Just days before the raid on the children's home in Izieu, eleven-year-old Liliane Gerenstein wrote a heart-rending letter to God. The letter (written in French) was found in the house after the children had been taken away.
God? How good You are, and how kind, and if we had to count all You have bestowed upon us that is good and kind, our counting would be without end… God? It is You who command. It is You who are justice. It is You who reward the good and punish the evil. God? I can therefore say that I will never forsake You. I will always be mindful of You, even to the last moments of my life. You can be absolutely certain of that. For me, You are something beyond words, so good are You. You may believe me.
God? It is thanks to You that I enjoyed a wonderful life before, that I was spoiled, that I had lovely things, things that others do not have. PARENTS, MY POOR PARENTS, PROTECT THEM (even more than myself) SO THAT I MAY SEE THEM AS SOON AS POSSIBLE. HAVE THEM COME BACK ONE MORE TIME. Oh! I can say that I have had such a good mother, and such a good father! I have such faith in You that I thank You in advance.
Serge Klarsfeld, The children of Izieu, A Human Tragedy, 1984, p. 56
Liliane was born in 1933 to musician Alexandre Chapse-Gerenstein and his wife Chendlia née Entine. Alexandre and Chendlia, both from Odessa, immigrated to France and settled in Paris. Liliane's brother Maurice was born in 1931. In November 1943, Alexandre and Chendlia were deported on Convoy 62 from Drancy to Auschwitz.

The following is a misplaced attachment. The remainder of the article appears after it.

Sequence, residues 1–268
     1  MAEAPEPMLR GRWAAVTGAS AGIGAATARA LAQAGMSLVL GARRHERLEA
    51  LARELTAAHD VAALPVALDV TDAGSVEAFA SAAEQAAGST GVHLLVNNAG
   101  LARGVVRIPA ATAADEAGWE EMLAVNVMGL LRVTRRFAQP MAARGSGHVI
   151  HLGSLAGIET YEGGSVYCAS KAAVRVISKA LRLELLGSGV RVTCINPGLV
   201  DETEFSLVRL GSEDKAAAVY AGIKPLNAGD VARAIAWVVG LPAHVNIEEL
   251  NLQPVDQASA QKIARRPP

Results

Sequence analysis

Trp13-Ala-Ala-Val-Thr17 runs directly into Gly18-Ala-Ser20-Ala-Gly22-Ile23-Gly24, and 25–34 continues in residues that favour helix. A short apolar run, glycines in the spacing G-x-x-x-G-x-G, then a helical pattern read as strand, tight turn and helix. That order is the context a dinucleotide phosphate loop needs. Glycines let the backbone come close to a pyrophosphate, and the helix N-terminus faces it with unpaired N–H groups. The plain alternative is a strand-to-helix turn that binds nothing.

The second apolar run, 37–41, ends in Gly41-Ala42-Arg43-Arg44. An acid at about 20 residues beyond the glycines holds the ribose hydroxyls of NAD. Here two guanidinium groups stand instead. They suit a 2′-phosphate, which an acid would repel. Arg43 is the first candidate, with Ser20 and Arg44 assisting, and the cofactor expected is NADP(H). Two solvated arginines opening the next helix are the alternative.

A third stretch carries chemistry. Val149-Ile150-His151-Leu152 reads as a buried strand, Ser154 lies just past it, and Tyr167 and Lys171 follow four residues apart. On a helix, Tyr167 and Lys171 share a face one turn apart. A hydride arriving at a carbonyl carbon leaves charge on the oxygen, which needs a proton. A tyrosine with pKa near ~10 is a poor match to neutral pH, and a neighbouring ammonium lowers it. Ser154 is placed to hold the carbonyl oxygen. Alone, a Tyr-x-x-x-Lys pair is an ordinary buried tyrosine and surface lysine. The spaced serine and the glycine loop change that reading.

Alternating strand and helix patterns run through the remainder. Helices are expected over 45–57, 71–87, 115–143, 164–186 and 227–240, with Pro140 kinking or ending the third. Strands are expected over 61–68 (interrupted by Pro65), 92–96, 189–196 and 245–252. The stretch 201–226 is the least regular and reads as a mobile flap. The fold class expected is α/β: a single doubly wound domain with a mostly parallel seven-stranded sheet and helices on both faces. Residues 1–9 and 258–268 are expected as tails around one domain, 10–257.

It is not known exactly when Liliane came to live in the children's home in Izieu. On the morning of the raid , her brother arrived there too as his boarding school had closed for Easter. Leon Reifman, one of the staff, brought him to the home together with his friend, Max-Marcel Balsam, whose brother Jean-Paul was also living there. All four children were arrested in the raid, and deported from Drancy on 13 April 1944 to Auschwitz, where they were murdered.
Alexandre, who played in the orchestra at Auschwitz, survived and immigrated to the US. In 1983, he submitted Pages of Testimony to Yad Vashem in memory of his children, Maurice and Liliane, and his wife Chendlia.
Two of the little girls caught in Izieu and murdered at Auschwitz were Mina and Claudine Halaunbrenner, daughters of Jacob and Ita-Rosa Halaunbrenner.
Jacob and Ita-Rosa (originally from Poland) Halaunbrenner lived in Austria, where their eldest son Léon was born in 1929. The family immigrated to Paris, where their other four children were born: Alexandre (b. 1931), Mina (b. 1935), Claudine (B. 1939) and Monique (b. 1941).
In 1943, Jacob and his son Léon were arrested by the Lyon Gestapo. fourteen-year-old Léon was deported to Auschwitz where he was forced to work in a salt mine, and perished. Jacob was imprisoned in Lyon and executed. Ita-Rosa, penniless, without work and not knowing a soul, was left to take care of their four remaining children. Heartbroken, but comforted by the fact that they would be safe, warm and well-fed, she entrusted eight-year-old Mina and five-year-old Claudine to members of the OSE who brought the girls to the children's home in Izieu. Alexandre and Monique remained with their mother, and the three of them survived. Mina and Claudine were caught in the raid on the children's home in Izieu, and deported on 30 June 1944 from Drancy to Auschwitz, where they were murdered.